That word “ego” is a topic to which Hungrybox is highly sensitive. It’s the general sentiment behind the slings and arrows that are so commonly thrown his way - that Hungrybox’s ego can get the better of him at times. It’s not uncommon when speaking to Hungrybox to hear him defend himself against these jabs. “I can tell you right now,” he says, “when it comes to the way I treat fans, the way I talk to people, the way I treat my friends - I've changed a lot from my past. If people still think they have a right to call me out for being a dick to them in person or treating them in a certain way, I would have to say they're wrong right now. I've made a very conscious effort to actually be a lot more peaceful and a lot more appreciative of people who support what I do.” The reflex to protect himself against more harassment is understandable, given what Hungrybox has dealt with. Defensive is rarely a good look on anyone, but it’s the stance Hungrybox has had to adopt.

But when he shifts the conversation to ego, you can see his walls start to come down. Hungrybox is not one to avoid admitting his faults - but here, it feels more genuine than ever. “Smash, being a top player, it teaches you to not take things for granted,” he says. “If there's one piece of advice I would give to any up-and-comer who happens to be climbing up the ranks, it's just, don't let your ego take you over. Because if you lose control of that and it follows you wherever you go, Melee or pro gaming, not only will hurt you yourself and your career, it'll become something that makes you sad.”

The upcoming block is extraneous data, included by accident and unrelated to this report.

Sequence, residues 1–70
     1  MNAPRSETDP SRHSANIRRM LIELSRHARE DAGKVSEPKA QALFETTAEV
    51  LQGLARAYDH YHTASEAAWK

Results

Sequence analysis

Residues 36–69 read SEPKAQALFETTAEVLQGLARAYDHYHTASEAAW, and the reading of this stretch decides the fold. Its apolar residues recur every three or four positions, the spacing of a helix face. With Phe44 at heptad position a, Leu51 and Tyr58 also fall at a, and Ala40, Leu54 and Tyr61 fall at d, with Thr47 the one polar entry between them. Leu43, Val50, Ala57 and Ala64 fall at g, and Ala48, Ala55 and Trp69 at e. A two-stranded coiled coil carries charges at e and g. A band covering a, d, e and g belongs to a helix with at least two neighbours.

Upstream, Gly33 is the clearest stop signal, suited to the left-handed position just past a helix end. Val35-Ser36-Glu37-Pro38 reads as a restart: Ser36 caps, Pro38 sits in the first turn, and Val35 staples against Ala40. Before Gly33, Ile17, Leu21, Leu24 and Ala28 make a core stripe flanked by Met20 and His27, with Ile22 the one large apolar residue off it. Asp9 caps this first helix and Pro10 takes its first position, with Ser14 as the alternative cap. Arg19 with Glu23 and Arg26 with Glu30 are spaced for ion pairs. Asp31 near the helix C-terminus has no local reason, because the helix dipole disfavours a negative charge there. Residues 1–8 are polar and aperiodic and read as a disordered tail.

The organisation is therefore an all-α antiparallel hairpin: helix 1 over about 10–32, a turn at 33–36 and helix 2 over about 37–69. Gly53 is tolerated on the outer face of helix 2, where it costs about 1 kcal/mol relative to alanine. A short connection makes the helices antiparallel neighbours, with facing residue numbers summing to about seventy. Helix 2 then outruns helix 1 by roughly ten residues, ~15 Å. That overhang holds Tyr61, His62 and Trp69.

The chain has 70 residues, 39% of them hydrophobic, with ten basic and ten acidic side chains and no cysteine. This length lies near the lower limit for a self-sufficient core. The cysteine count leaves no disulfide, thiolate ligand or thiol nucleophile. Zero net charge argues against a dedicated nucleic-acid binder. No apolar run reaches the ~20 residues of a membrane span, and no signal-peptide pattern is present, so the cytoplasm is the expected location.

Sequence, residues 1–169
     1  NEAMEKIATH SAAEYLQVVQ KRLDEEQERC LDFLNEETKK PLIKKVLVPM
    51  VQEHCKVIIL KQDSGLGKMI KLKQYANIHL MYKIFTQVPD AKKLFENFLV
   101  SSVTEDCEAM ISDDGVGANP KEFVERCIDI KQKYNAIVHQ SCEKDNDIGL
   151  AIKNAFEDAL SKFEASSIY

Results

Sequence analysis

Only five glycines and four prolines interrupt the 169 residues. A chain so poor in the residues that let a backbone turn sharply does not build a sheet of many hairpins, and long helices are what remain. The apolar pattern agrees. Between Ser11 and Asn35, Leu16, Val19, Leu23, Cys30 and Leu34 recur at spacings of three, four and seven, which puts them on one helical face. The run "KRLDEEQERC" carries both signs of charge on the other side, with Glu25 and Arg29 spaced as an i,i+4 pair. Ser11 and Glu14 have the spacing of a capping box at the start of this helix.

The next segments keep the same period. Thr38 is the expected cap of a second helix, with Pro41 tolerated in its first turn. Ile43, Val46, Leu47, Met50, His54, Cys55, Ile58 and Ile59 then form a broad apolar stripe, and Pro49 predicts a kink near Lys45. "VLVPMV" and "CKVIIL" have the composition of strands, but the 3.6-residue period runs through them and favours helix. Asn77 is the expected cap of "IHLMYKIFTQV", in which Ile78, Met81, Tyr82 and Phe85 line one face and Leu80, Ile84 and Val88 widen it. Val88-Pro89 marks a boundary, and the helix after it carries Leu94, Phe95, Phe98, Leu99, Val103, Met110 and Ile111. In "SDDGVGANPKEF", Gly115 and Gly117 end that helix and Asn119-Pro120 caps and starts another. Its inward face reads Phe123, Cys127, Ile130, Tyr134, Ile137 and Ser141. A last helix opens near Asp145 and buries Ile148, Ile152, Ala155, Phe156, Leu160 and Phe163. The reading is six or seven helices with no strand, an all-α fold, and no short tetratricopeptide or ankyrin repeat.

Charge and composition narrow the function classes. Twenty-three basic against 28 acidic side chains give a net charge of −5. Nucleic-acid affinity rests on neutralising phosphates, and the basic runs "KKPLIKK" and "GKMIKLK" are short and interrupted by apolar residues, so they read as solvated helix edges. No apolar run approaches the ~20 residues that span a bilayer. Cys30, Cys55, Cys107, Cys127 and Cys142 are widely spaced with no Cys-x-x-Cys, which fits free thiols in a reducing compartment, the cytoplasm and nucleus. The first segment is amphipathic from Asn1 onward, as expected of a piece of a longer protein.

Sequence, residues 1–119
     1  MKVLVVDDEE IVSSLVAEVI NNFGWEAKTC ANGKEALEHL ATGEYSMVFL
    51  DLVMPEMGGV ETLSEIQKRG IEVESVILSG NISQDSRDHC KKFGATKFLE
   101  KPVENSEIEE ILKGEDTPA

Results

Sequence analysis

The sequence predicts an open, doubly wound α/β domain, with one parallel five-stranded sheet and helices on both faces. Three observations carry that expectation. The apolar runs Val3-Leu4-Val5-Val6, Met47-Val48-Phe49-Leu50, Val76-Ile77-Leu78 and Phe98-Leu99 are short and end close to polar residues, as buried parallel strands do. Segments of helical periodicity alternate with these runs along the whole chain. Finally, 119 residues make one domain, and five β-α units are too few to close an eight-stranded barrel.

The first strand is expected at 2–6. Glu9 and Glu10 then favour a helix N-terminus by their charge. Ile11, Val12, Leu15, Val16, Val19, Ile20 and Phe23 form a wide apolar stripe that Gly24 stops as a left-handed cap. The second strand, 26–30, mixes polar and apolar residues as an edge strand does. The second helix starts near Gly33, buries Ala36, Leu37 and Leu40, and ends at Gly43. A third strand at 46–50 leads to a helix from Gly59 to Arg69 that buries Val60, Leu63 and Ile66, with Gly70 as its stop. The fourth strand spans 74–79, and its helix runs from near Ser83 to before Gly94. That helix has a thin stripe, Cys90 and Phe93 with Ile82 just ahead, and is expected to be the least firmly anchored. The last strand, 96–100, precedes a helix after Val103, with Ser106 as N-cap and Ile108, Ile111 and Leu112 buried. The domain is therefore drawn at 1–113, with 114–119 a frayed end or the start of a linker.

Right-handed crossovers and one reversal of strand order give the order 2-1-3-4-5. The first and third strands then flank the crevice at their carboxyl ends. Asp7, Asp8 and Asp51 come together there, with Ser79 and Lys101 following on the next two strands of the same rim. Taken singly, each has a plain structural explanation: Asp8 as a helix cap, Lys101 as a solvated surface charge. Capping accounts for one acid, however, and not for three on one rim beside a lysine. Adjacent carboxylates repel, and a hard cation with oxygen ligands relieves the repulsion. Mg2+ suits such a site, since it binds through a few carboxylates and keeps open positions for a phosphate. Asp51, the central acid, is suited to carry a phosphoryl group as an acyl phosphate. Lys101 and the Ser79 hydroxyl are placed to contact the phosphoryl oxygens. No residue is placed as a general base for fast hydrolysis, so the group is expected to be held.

I’m tentative to push him further on this topic, but when I ask him if he’s speaking from personal experience, he speaks candidly and confidently. “I’ve had cases where I've lost friends. I’ve had cases I've alienated people close to me in my life. And there's no greater sadness than losing people because of your own stupidity or your own selfishness. And it's just not worth it at all. It's not worth any-- it's not worth all the money in the world to lose people who are important to you. So that really wakes you up to better yourself and just, like I said not take for granted the things that are in front of you.”


IF YOU WERE to ask Hungrybox if he’s made mistakes in his career, he’d say yes quite readily. In fact, I know it. In an interview with him at EVO 2017, I inquired about a recent statement he had made that he might have approached his career differently if he had a choice. “Yeah, I just would have been less of a dick when I was younger, less cocky,” he said with a half-chuckle. This is not a man who has not thought about the repercussions of his actions - Hungrybox is just tired of the fact that he’s constantly battling a version of himself from the past. “It's like, you think I haven't heard stories of other smashers being less than perfect?” he says. “Of course I have, but no one cares, no one cares. It's this idea that I'm supposed to be this patron saint, this infallible human being, this angel of melee, like no, it's completely the opposite. I am a shithead in a lot of ways, but I'm cognizant of it. I know that I've been stupid when I was like younger and just not the best person. But I make conscious efforts to fix things, and if people still choose to despise me based upon that, then you can't really change that. If people still choose to change to hate you after you're making a conscious effort in changing it, then it's not them hating you for like, ‘Oh, I don't like how he is.’ It’s them hating me like, ‘Well, I don't like how he was. Therefore, I will never change my mind.’"